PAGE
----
Make a donation to an organization that protects and restores tropical forests and supports the rights of Indigenous peoples. Nongovernmental organizations play a critical role in the defense of tropical forests and Indigenous peoples around the world. Many of them work closely with Indigenous peoples and local communities to protect forests. Supporting these organizations with a donation or membership is vital to their success. (See Key Players below.)

Join a social media site run by an advocate for tropical forests. A sampling of social media sites:


Palm oil growers and manufacturers

Find ways to stop destroying rainforests. Palm oil companies, including farmers and processors, must meet future demand without further forest and ecosystem destruction, particularly intact, high-carbon, primary (old-growth) forests. The expansion of palm oil plantations into secondary forests or other low-carbon areas needs to be done sustainably or curtailed. Strategies include:

Produce food and other goods that meet consumer demand for sustainably grown palm oil. (See Individuals above.)

  • Here is a study of the added value possibilities for palm oil grown and processed in West Africa.

Restore degraded rainforest. Passive restoration is simple and low cost. It focuses on releasing land from unsustainable use through protective measures that allow natural regeneration and succession. Active restoration involves planting and cultivating native seedlings as well as removing invasive species. Both can increase the quantity of carbon sequestration, though active restoration does so more quickly. Active restoration is usually employed in areas where the soil has been severely degraded and where natural seedbanks are not present. See Degraded Land Restoration Nexus.


Be accountable. Companies that manufacture products containing palm oil or are involved in the processing, trading, and supply of palm oil need to abide by robust, verifiable, mandatory standards for responsible sourcing and production, including the cessation of rainforest conversion and destruction. These standards must become policies, and companies must require their partners and suppliers to adhere to them. Companies need to make time-bound commitments and stick to their promises.

  • Ensure traceability beyond the oil mill to the source farm or plantation in order to monitor and mitigate environmental and social risks and ensure that raw materials are not contributing to tropical deforestation. This would send a strong signal to the palm oil marketplace.
  • Embrace transparency by reporting on palm oil sources and usage, as well as progress on company pledges and goals annually. Utilize new technology, including satellite monitoring of plantations and deforestation.
  • Ensure commitments and actions cover the entire corporate group, apply to all countries in which the company operates, and covers all the types of palm oil used.
  • Invest in projects on the ground that support the conservation and restoration of rainforests and support smallholder farmers.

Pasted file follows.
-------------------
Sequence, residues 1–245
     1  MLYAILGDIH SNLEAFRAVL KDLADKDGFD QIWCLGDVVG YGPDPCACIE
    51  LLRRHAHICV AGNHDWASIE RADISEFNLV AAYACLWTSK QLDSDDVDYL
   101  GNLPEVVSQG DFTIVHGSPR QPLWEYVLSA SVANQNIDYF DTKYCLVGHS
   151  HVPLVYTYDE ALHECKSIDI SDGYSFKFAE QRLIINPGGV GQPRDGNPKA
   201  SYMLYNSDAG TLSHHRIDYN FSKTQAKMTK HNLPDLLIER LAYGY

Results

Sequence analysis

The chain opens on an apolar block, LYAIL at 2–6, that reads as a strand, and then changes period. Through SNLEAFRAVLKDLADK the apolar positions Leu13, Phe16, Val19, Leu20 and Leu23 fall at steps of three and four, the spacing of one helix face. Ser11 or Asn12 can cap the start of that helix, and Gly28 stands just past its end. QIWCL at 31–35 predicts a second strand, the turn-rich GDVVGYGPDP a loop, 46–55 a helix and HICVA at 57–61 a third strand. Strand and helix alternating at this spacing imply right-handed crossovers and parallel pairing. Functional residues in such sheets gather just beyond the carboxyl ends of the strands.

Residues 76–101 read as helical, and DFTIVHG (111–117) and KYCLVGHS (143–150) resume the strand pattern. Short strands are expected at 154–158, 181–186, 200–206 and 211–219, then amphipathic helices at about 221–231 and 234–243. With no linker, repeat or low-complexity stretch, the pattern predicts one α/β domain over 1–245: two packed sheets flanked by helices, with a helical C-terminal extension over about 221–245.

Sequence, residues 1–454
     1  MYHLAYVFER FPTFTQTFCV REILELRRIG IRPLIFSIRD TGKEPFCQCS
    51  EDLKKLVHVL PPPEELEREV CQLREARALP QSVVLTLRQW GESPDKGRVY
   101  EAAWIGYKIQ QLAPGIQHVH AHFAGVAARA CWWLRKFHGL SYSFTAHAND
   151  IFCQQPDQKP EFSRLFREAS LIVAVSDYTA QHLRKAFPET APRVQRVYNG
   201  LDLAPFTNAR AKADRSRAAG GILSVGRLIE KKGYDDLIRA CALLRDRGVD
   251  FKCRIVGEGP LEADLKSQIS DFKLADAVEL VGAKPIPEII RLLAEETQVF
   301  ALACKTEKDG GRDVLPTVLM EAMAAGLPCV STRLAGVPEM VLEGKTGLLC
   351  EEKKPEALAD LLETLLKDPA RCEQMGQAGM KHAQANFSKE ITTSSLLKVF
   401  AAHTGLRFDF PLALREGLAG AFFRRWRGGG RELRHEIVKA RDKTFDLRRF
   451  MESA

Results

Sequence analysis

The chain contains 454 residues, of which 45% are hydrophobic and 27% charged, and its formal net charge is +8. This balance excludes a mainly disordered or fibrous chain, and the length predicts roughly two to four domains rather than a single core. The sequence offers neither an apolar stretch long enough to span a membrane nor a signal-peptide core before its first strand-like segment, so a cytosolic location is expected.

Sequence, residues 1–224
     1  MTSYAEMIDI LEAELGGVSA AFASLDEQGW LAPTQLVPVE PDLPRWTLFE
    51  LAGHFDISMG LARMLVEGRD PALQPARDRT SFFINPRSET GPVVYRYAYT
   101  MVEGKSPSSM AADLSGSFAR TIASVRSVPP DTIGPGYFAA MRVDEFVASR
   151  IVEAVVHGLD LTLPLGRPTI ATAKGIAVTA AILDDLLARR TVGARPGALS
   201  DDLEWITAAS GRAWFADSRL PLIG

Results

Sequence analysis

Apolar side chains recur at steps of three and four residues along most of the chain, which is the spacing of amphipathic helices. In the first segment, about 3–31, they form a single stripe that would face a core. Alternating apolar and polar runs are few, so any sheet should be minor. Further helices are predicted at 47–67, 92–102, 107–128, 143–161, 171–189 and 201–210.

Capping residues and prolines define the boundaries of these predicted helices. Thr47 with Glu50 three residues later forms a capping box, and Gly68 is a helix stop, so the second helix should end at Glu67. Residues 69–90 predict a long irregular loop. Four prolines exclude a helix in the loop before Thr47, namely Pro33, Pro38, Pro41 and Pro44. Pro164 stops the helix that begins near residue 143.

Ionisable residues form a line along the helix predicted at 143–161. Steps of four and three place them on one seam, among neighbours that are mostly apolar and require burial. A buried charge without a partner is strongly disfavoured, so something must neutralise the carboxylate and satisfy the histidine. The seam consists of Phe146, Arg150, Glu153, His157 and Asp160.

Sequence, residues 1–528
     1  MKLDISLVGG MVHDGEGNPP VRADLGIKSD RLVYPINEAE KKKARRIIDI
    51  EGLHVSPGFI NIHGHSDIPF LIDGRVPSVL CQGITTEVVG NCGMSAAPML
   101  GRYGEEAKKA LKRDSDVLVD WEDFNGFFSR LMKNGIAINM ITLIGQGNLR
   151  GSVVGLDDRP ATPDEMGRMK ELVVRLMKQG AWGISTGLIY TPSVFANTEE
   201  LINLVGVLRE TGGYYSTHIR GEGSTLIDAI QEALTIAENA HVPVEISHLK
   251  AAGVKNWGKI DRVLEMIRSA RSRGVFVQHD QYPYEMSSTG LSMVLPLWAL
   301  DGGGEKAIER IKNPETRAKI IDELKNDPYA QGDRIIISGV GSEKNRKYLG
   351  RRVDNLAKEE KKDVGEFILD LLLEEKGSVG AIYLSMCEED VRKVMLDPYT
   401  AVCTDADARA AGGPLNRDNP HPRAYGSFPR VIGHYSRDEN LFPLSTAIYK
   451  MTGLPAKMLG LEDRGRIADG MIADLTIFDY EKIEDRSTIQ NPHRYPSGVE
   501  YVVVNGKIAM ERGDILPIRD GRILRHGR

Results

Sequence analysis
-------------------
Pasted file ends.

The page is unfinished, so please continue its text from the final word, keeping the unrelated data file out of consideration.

• Support policy action that stops deforestation and create legislation requiring legal and sustainable palm oil production.
  • End the use of palm oil in animal feed and pet food.

Consider using alternate vegetable oils. Properties similar to palm oil can be created by partially hydrogenating and blending oils from shea, sal, jojoba, kokum, illipé, jatropha, and mango kernels. These plants can be grown regeneratively as part of agroforestry projects.

Support the development and use of synthetic palm oil as a replacement for rainforest-derived oil. Technological advances in genetics and microbial manufacture in laboratory settings have allowed the creation of synthetic oil with a chemical profile identical to palm oil. The effort has drawn financial support and interest from European suppliers of palm oil. Researchers at the University of Bath in the U.K. and the Technical University of Munich are developing synthetic palm oil that bypasses the need for land-based feedstock, such as sugar derived from sugarcane. According to Bonsucro, a nonprofit organization that certifies environmentally friendly sugarcane, less than 5 percent of the sugar worldwide is grown sustainably. Economic challenges to synthetic palm oil include cost and scaling up to meet potential commercial demand. Companies developing synthetic palm oil include:


Pass legislation that identifies, regulates, or prohibits products that contribute to the destruction of rainforests, including palm oil products.

Stop violence against Indigenous peoples and their land. Indigenous peoples across Indonesia are being denied prior consent to their ancestral land under the palm oil plantation assault. The nation’s least-developed province, Papua, home to critical rainforest and hundreds of Indigenous tribes, is being targeted by palm oil companies for development. The voices of Indigenous peoples are being suppressed and ignored.

Tell the truth. The scale and location of rainforest destruction has been misrepresented and obscured by the Indonesian government, as well as other governments. Repeatedly, officials insist that Indonesia has learned its lesson about deforestation and solved its palm oil problem. They painted a picture of an industry on a sustainable path, focused on increasing yields, not expanding footprints. They lied.

Support public-private efforts that aim to protect rainforests and enhance climate action. In 2021, a group of governments and companies announced the formation of the Lowering Emissions by Accelerating Forest finance coalition (LEAF), which aims to raise $1 billion to accelerate climate action by providing results-based finance and establishing a carbon credit marketplace to help countries protect their tropical forests. It builds on and expands the REDD+ program developed by the UN, which has faced criticism. It also builds on the Green Climate Fund, which last year paid the Indonesian government $103.8m through REDD+. The LEAF initiative is intended to be the start of the largest-ever public-private effort to help protect tropical forests and the people depending on them. The U.S., U.K., Norway, Amazon, Nestlé, Unilever, and Airbnb are among the governments and corporations that have signed on.

Bad Actors

Corporations that make processed food and household products continue to use palm oil, including:



Planet Palm: How Palm Oil Ended Up in Everything—and Endangered the World by Jocelyn C. Zuckerman (New Press, 2021)

Mongabay, an international environmental new service

Rainforest Action Network’s archives on palm oil and rainforests.

News from the Center for Sustainable Palm Oil Studies, an industry think tank.